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S.100.--The Congregation should conscientiously reflect on, wholeheartedly embrace, and faithfully and firmly practice the following principles: 1E a unanimous effort to restore that simplicity of life-style which, by example more than by words, and in the name of the poverty of Christ, contends against the avarice which arises from an affluent society, and against a greed for wealth which is ruin-ing almost the whole world (CR, III, 1); 2E an effective care to use its goods to promote social justice; 3E the alienation of superfluous goods in favor of the poor.

S.101.--Within the bounds of equity and with the consent of his council, the superior general has the right to impose a tax on provinces; similarly, with the consent of his council, the provincial has this right with respect to houses of his province.

S.102.--Goods which are entrusted to the Con-gregation only for their management are to be ad-ministered under the direction and vigilance of superiors with their councils.

S.103.--'1.--Treasurers must give an account to superiors and keep the members informed of their administration. '2.--With respect to the treasurer general, an accounting of receipts and expenditures and a report on the status of the patrimony are to be ex-amined once a year by the superior general with his council; for the provincial treasurer, twice a year by the provincial with his council; for the treasurer of a house, each month by the local superior. A signature of approval, moreover, is to be affixed to the accounting or report provided it is found to be accurate. '3.--Members entrusted with the administra-tion of special works of either a province or a house should submit an accounting of receipts and ex-penditures to their respective superiors at the time and in the manner determined by provincial norms. '4.--If, however, there are goods which do not belong to the Congregation but are entrusted to it for management, accounting for them should be submitted both to their owners and to the superiors of the Congregation. '5.--The treasurer general should give a general accounting of his administration to provincials at the end of each year; to the General Assembly every six years. '6.--Provincials should submit a financial ac-counting for their provinces to the superior general at the end of the year. '7.--Provincial treasurers should give to the members of their province a general report of their administration and of the patrimony of their prov-inces, according to provincial norms.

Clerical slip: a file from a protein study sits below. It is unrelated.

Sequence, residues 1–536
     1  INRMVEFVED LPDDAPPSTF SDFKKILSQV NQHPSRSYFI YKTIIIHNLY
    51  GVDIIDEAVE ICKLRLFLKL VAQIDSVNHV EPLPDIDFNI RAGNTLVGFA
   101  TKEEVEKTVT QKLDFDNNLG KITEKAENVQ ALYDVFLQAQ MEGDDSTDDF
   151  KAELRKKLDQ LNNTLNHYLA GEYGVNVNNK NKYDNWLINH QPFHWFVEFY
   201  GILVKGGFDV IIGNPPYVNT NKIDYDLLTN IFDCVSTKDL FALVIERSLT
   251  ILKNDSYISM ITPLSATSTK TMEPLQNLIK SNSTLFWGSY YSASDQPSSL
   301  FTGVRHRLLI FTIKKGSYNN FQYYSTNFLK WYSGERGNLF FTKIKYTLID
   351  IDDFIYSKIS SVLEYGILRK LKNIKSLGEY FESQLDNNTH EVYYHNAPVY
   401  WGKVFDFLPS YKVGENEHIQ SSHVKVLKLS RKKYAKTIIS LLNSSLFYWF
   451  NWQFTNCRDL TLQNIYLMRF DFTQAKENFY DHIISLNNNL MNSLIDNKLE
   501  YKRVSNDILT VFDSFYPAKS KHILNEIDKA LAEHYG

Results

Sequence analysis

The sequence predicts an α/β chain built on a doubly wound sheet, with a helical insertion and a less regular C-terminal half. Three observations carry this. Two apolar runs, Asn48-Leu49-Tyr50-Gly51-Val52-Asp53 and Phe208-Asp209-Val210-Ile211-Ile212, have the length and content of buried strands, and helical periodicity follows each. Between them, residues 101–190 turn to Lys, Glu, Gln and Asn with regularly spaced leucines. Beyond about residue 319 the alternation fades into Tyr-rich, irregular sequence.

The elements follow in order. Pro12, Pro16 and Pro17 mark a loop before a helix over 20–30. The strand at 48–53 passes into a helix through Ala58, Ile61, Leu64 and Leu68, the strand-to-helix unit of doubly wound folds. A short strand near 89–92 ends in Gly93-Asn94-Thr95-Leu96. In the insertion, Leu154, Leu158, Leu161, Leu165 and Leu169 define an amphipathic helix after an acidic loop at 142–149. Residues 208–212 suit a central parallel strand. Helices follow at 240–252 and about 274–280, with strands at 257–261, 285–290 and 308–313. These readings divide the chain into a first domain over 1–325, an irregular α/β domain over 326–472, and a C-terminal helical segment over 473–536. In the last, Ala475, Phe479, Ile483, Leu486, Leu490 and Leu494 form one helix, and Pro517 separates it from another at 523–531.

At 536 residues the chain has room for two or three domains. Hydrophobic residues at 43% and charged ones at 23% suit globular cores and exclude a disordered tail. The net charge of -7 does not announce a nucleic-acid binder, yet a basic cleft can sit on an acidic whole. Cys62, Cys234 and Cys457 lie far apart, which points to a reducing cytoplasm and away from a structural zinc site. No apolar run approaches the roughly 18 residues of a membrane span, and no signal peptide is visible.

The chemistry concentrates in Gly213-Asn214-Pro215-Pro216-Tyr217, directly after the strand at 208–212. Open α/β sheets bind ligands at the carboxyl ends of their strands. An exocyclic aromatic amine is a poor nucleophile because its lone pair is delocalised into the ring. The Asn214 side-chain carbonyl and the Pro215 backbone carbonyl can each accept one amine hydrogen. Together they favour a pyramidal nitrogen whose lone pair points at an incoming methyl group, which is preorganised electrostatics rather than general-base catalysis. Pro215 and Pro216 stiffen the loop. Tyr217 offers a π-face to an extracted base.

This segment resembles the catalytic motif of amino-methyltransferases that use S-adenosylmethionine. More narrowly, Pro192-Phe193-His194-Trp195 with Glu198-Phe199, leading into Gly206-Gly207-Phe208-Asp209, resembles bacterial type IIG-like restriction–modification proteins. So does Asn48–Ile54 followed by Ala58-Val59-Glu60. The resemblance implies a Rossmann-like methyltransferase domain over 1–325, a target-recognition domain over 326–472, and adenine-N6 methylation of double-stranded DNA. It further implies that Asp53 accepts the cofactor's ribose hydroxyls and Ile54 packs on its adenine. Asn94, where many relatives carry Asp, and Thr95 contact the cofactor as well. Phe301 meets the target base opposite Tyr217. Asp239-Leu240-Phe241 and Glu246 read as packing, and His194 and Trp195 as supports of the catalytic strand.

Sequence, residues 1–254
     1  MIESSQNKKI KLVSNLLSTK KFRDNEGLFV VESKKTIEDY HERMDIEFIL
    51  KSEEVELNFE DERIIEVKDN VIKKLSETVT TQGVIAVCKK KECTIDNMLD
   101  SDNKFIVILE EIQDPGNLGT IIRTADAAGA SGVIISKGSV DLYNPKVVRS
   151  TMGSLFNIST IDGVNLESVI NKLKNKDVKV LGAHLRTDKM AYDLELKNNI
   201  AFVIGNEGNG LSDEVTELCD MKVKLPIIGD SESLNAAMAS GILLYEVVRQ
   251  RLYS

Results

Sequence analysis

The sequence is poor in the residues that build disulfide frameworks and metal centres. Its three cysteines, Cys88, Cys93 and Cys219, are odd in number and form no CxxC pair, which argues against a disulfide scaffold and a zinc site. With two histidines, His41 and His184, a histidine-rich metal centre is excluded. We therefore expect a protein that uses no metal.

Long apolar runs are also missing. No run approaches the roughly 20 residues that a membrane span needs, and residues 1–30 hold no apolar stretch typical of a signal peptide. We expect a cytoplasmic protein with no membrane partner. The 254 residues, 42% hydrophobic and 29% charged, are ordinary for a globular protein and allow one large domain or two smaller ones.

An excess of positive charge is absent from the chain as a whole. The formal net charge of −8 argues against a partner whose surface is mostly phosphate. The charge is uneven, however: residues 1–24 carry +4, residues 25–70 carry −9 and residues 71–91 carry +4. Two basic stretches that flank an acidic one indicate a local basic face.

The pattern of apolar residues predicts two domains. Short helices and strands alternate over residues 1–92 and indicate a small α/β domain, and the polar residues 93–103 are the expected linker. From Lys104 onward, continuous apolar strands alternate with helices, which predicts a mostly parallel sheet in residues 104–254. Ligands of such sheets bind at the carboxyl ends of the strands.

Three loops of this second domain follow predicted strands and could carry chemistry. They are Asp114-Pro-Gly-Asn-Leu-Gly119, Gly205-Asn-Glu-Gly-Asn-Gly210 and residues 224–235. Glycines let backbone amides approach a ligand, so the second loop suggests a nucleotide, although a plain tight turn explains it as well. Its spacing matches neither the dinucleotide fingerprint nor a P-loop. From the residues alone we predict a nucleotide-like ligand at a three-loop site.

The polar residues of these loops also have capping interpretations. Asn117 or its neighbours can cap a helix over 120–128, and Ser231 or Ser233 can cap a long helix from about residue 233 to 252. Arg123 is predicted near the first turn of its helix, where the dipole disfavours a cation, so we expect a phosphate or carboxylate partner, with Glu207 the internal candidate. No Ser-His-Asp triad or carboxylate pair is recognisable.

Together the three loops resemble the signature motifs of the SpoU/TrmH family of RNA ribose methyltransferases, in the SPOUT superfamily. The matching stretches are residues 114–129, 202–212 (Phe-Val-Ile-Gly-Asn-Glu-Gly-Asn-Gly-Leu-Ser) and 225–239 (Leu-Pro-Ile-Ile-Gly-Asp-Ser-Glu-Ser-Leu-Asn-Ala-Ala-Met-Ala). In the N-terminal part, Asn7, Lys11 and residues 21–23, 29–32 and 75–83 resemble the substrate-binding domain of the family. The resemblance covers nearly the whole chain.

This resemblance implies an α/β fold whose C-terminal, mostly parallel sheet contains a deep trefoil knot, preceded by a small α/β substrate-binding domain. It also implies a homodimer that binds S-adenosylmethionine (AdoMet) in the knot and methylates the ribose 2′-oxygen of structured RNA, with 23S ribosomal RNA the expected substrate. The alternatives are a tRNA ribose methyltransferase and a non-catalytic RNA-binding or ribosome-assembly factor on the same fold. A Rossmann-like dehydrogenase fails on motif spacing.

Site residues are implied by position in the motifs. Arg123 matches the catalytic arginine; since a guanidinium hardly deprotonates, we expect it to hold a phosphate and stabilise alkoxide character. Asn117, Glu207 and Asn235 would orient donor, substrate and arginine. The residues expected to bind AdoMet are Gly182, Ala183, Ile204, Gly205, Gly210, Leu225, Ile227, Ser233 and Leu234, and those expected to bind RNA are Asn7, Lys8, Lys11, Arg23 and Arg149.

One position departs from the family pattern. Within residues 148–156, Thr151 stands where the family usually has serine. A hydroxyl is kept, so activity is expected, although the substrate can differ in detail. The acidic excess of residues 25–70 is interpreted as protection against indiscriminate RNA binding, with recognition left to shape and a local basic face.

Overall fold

S.104.--All administrators, both superiors and treasurers, can act in the name of the Congregation only within the limits of their office and the norm of law. For this reason the Congregation, a province, and a house are responsible only for the ad-ministrative acts performed according to the aforesaid norms. As for other acts, those who per-form illicit or invalid ones will be held responsible for them. If, however, any juridic person of the Congregation shall have contracted debts or obliga-tions on its own, even with permission, it will be held responsible from its own resources.

S.105.--'1.--The General Assembly can deter-mine the sum beyond which the superior general cannot make extraordinary expenditures. '2.--Provincials can make expenditures accord-ing to norms enacted by the provincial assembly. '3.--Local superiors can make expenditures within the limits determined by provincial norms.

S.106.--Superiors must not allow debts to be con-tracted unless it is certain that the interest on a debt can be paid off from ordinary revenues, and that the amount received as a loan can be repaid within the agreed time by legitimate payment of the annual installment.

S.107.--'1.--Laws regarding work, security, and justice, in favor of persons working in houses and works of the Congregation, should be exactly observed. '2.--Superiors should act with the greatest prudence in accepting pious foundations which create long-term obligations. Obligations in perpetuity must not be accepted. '3.--Gifts should not be made from the goods of the Community except according to the norm of the Constitutions and Statutes. '4.--In accepting goods which come to the Congregation, a province, or a house by way of be-quest or gift, the wishes of the donor in regard to the ownership and use of the goods should be respected. '5.--Social security should be acquired for the members by the Congregation, the bishop, or those for whom they work. Moreover, houses, provinces, and the general curia itself should have adequate in-surance against dangers of various kinds.